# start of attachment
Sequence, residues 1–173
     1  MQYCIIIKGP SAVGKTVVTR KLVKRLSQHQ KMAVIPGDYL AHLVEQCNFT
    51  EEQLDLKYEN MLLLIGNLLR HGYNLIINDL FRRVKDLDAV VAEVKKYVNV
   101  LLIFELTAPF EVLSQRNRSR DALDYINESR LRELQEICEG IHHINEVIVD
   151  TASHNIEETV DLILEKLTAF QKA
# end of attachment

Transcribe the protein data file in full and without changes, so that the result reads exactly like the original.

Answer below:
Sequence, residues 1–173
     1  MQYCIIIKGP SAVGKTVVTR KLVKRLSQHQ KMAVIPGDYL AHLVEQCNFT
    51  EEQLDLKYEN MLLLIGNLLR HGYNLIINDL FRRVKDLDAV VAEVKKYVNV
   101  LLIFELTAPF EVLSQRNRSR DALDYINESR LRELQEICEG IHHINEVIVD
   151  TASHNIEETV DLILEKLTAF QKA